MESA, Ariz. – The Cubs need to find their Justin Verlander.
Besides lobbying for the Wrigley Field renovation and negotiating a new television deal, the Cubs could also be heading for a showdown with super-agent Scott Boras in their series of potential franchise-altering decisions this year.
When the Cubs close camp on Thursday, there will be 10 weeks left until the draft, and already their options for the No. 2 overall pick are coming into focus. With 2015 viewed internally as a possible breakthrough year for the organization, one of these college pitchers could be a game-changer.
Mark Appel has begun to answer some of the questions after rejecting the Pittsburgh Pirates and returning to Stanford for his senior season.
Jonathan Gray has dominated at Oklahoma – 4-1, 1.41 ERA, 51 strikeouts and nine walks in 44.2 innings – and jumped up the draft board.
Sean Manaea – the Indiana State left-hander and Baseball America’s top prospect at the Cape Cod League last summer – remains on the radar.
Verlander is the outlier. The Detroit Tigers lost 119 games in 2003 and selected the Old Dominion right-hander with the No. 2 overall pick in the 2004 draft. Two years later, they reached the World Series, watching him develop into the American League’s Rookie of the Year in 2006 and MVP/Cy Young winner in 2011.
But it would take a leap of faith for the Cubs to go against the historical trend. Almost a decade ago, senior vice president of scouting and player development Jason McLeod reunited with Theo Epstein in the Boston Red Sox front office and their analysis still influences their thinking at Clark and Addison.
“We had crunched a lot of NCAA data on the performance side of things and then we just started looking at it on the draft side,” McLeod recalled. “What is the draft telling us over the years? Where is the talent coming from? What areas? What positions? There are just so many variables with pitching, injuries, some of the innings these guys have to throw. Everyone would love to hit on a Justin Verlander at No. 2 overall.
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“If we go that route, hopefully our guy turns into that kind of guy. But if you look back at the draft, you’ll also see a lot of guys that went 1, 2, 3 that were pitchers and kind of just had mediocre careers. So pitching comes from everywhere. Typically, (with) your position players, the star guys come at the top of the draft.”
That logic helped push the Cubs to make Albert Almora the first pick of the Epstein administration. Appel and Manaea – like Almora – will be advised by Boras. The Cubs passed on Appel last June and went with the high school outfielder from South Florida.
In the first year of a collective bargaining agreement that severely restricts spending on amateur talent, Appel dropped to the Pirates at No. 8, reportedly turned down $3.8 million and decided to return to Palo Alto, Calif., to finish his degree. Through five starts, the Stanford ace has a 1.18 ERA and 54 strikeouts in 38 innings.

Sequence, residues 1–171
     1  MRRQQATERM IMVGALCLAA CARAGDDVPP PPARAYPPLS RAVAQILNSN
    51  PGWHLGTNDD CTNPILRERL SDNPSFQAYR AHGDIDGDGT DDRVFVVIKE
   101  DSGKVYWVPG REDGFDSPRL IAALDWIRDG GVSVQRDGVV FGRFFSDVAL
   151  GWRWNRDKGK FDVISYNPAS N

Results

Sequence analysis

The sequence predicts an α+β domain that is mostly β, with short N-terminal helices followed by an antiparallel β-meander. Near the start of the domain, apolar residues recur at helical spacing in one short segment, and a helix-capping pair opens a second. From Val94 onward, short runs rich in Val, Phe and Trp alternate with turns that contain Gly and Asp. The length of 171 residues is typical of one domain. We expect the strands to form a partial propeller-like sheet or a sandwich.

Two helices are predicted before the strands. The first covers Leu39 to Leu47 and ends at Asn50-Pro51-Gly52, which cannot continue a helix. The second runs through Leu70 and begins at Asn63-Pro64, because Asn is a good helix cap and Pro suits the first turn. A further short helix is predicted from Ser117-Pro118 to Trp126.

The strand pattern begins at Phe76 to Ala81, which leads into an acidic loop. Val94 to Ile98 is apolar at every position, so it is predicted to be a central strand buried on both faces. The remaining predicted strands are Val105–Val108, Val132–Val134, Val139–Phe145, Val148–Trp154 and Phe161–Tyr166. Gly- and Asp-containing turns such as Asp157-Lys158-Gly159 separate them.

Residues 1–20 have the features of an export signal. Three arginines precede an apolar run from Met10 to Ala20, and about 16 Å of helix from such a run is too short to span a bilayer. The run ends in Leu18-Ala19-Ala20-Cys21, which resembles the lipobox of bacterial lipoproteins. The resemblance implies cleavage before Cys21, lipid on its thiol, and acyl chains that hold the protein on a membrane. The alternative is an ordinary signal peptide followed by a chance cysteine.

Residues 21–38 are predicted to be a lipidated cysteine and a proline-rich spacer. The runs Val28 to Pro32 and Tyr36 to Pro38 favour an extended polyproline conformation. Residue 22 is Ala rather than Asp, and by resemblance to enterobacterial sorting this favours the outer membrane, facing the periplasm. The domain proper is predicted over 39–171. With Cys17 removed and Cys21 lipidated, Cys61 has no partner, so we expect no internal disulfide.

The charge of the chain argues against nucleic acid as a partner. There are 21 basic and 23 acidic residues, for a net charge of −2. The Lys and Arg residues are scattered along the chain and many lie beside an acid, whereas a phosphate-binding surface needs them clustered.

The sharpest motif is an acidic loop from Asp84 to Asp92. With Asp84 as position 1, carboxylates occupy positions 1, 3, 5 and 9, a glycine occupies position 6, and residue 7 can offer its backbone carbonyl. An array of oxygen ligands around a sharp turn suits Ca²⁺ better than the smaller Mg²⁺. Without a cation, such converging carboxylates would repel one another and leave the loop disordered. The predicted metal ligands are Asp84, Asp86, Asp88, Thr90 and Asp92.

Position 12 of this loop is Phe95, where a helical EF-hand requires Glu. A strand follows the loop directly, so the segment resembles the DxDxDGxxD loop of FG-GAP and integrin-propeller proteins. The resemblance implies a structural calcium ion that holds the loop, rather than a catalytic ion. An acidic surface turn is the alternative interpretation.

If Appel wasn’t the right choice with the sixth overall pick, why would he make sense at No. 2 a year later?
“Well, it’s a different draft. It’s certainly a different year,” McLeod said. “The way our board lined up last year – I said it (at the time) – we simply liked Albert Almora more than we liked Mark Appel.
“That’s no slight to Mark Appel. (Like I said), you take the position player at the top. For us, we got a kid we thought was going to be a premium centerfielder and hit in the middle of the order. Those guys are hard to find.
“Mark certainly (is) someone (who’s) proven to be a first-round guy. He’s gone out and done well so far this year. We’ve spent a lot of time with him and we will continue to.”
The Cubs will have a representative at every start for each of the college pitchers they’re considering with the No. 2 pick.
Epstein recently ducked out of camp to watch Gray in Norman, Okla., as part of the blanket coverage. Special assistant Tim Wilken, amateur scouting director Jaron Madison and national crosscheckers Sam Hughes, Matt Dorey and Ron Tostenson will all get multiple looks at those pitchers.
Earlier this month, general manager Jed Hoyer was part of the group that went over to Surprise Stadium for a college tournament that included Arkansas (Ryne Stanek) and Gonzaga (Marco Gonzales). When the Cubs visit the Atlanta Braves during Final Four weekend, two dynamic high school outfielders (Austin Meadows and Clint Frazier) will be in the area.
“If you look at the history of the draft, the position players up high are more of a sure bet if you get the good ones,” McLeod said. “Unfortunately, the college class isn’t as strong as in some years. There are a couple of guys that have stepped up so far this year that certainly are putting themselves on a map as considerations up there. But not as strong as a typical year.
“We’re doing our due diligence. We’re still seeing them (and) all the high school players. Obviously, it’s a semi-deep college pitching crop at the top of the draft and we’re going to see those guys quite often.”
After grabbing Almora last year, the Cubs began to address the deficit throughout their organization by picking seven straight pitchers and 22 in total. That could be the plan of attack.
“You play the odds,” McLeod said. “You do your due diligence on the things that we believe, checkpoints from a pitching standpoint: Guys you hope have stuff, guys who you hope mechanically are going to throw strikes and stay healthy. If you can get a volume of those guys, you’re bound to hit on a couple of them.
“I imagine you’re going to see a lot of pitching come off the board for us this year again, too. We’re making no secret about that. But with two-and-a-half months to go here still, you can’t rule out anything.”